Forgiveness Minimizes the Regrets by William H Griffith

Forgiveness Minimizes the Regrets by William H Griffith

            All the passages below are taken from William H. Griffith’s book, “More than a Parting Prayer—Lessons in Care-giving for the Dying.” It was published in 2004.

You may ask: “Dear God, why me? Why us?”…

Know this: No one has a complete understanding of why good people go through such tortuous times. No philosopher or theologian has a cosmic computer to plug into this unknown secret formula.

-Earl A. Grollman

I FIRST MET LOIS on my routine rounds one Saturday morning. She was an eighty-two-year-old woman who had survived a stroke several years ago and now faced a terminal illness. I discovered quickly that she was a woman of faith who had the support of her church. There was something that clicked between us in those few minutes we spent together. Before leaving the unit that morning, I stopped by her room to say good-bye to the charge nurse who was working with Lois behind the privacy curtain. When she heard me, Lois said in her stammering, stroke-hindered voice, “Good-bye, Bill.”

I replied, “Good-bye, Lois.”

The next time I appeared in the unit, I was met by a social worker who was talking with a young lady, and when I approached, the worker said to the young lady, “This is Bill.” It was as though they had been talking about me, and I soon discovered that indeed they had been.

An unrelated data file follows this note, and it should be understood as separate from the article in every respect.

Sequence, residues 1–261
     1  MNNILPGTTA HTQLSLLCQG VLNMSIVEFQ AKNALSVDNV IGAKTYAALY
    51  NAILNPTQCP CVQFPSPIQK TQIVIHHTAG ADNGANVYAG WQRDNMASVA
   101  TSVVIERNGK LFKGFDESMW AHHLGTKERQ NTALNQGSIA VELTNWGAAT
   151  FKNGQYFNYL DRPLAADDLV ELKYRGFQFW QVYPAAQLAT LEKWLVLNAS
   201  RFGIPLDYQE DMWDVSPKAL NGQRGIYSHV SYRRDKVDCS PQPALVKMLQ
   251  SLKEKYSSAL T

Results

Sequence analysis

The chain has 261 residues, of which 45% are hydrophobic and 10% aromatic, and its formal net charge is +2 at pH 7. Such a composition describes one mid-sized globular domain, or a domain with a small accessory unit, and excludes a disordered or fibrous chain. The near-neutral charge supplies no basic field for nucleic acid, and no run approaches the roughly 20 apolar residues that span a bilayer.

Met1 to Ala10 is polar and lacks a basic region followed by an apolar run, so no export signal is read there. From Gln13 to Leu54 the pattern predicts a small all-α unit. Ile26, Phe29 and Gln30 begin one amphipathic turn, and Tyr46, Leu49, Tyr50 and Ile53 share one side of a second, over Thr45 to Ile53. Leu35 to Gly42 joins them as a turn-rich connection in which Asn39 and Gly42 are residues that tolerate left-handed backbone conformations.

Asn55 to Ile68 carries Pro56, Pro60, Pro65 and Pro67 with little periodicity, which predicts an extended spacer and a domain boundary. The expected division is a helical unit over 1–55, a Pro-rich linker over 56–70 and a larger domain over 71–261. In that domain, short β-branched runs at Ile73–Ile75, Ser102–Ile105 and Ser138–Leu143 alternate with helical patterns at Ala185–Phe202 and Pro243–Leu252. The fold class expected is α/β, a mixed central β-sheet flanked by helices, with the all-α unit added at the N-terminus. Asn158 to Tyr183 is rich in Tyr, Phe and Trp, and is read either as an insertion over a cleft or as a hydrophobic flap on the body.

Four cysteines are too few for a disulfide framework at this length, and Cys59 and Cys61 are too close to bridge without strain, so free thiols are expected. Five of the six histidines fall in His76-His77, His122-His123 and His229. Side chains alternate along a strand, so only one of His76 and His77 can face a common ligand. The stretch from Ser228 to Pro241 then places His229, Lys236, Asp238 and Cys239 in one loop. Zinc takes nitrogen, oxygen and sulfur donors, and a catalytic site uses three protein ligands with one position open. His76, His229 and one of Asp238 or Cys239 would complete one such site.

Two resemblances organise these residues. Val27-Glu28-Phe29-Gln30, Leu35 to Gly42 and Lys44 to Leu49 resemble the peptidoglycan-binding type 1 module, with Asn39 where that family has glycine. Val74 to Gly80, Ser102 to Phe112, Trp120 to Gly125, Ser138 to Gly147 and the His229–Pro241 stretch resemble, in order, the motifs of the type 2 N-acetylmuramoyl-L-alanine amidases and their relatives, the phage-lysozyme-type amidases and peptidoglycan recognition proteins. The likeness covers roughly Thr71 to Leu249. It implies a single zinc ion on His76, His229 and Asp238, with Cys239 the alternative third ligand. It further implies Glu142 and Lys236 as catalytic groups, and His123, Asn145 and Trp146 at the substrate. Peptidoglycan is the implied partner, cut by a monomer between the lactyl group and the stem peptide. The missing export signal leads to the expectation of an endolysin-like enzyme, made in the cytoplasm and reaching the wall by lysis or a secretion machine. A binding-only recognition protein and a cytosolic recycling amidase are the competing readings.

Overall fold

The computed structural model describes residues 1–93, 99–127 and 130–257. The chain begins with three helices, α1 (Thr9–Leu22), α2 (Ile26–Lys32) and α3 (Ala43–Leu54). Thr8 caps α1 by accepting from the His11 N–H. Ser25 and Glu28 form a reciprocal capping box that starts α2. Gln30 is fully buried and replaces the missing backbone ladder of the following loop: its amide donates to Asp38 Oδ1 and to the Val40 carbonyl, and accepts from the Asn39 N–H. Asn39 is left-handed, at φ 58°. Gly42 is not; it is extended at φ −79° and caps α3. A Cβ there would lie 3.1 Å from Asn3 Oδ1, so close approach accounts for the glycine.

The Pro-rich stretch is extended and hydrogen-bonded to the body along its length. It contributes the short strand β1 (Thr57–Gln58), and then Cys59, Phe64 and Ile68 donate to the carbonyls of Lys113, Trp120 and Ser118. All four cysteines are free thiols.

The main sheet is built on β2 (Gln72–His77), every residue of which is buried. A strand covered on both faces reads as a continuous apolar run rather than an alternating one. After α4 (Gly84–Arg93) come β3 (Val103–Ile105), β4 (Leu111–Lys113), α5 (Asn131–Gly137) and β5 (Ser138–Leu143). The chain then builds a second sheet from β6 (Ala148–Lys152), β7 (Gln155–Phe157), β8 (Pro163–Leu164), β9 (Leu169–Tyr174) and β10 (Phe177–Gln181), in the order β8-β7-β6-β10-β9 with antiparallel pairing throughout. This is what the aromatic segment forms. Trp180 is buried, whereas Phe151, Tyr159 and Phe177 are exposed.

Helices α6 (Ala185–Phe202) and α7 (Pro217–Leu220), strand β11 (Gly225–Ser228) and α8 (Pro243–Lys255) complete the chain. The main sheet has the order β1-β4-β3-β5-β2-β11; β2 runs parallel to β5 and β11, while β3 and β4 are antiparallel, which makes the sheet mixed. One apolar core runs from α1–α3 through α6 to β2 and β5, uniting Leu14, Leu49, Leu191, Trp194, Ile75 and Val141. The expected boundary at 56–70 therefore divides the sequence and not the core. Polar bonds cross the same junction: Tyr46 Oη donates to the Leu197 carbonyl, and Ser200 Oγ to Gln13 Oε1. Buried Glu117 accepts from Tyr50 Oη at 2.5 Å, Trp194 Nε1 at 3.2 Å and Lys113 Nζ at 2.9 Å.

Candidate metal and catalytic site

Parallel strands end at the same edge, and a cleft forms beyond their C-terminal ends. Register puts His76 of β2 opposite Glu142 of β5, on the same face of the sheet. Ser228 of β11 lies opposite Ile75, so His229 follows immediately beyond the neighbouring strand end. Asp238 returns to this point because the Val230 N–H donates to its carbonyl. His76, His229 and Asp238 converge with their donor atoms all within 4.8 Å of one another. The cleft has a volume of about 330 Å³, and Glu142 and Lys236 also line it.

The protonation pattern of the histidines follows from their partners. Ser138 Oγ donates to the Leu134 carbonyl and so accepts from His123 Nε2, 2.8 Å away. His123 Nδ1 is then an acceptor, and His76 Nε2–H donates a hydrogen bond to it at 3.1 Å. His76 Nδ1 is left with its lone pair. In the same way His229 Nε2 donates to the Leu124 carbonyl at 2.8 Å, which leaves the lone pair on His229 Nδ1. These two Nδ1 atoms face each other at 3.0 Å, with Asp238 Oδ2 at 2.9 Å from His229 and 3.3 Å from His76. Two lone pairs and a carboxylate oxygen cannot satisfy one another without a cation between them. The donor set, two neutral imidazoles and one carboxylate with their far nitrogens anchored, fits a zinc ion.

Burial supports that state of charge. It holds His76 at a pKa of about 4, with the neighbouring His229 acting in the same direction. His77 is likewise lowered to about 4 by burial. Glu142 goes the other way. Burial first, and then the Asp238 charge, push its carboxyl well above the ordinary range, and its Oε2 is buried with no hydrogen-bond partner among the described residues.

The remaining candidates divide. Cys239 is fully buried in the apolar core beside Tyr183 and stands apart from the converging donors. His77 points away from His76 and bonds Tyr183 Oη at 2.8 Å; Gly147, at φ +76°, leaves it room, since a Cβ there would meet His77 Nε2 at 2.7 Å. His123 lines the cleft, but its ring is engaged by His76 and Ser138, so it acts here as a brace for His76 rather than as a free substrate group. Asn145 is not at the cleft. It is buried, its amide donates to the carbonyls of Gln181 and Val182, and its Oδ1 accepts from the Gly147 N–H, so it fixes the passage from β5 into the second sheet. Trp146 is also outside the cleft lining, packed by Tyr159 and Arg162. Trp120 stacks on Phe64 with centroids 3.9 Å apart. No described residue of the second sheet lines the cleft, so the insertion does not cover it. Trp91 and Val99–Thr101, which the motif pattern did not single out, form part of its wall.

The young woman, Sarah, was Lois’s daughter, and she had been asking who Bill was, as her mother had asked for me on several occasions. I spoke briefly with the daughter, and then we went in together to visit with Lois. I gathered from the conversation we had that there was a strained relationship with another daughter, who hadn’t seen her mother in over four years. It wasn’t something they were eager to talk about at that time.

Over the next two weeks I visited Lois each time I was in the unit. Her charts indicated that she was unhappy and even angry at times with different staff members. As a staff we discussed this, and the social worker asked me if, since Lois thought so much of me, I would try to find out what was troubling her. I said I would and went right to Lois’s room.

As we talked, I could see in Lois’s eyes a troubled look and a heavy brow that showed signs of fear. I confronted her with what I’d noticed by saying, “Lois, are you afraid of something?”

“Yes,” came the reply.

“Are you afraid of dying?” I asked.

She said, “No.”

I then asked, “Are you afraid you might die before you can do something? Is there something that you are afraid will not get done before you die?”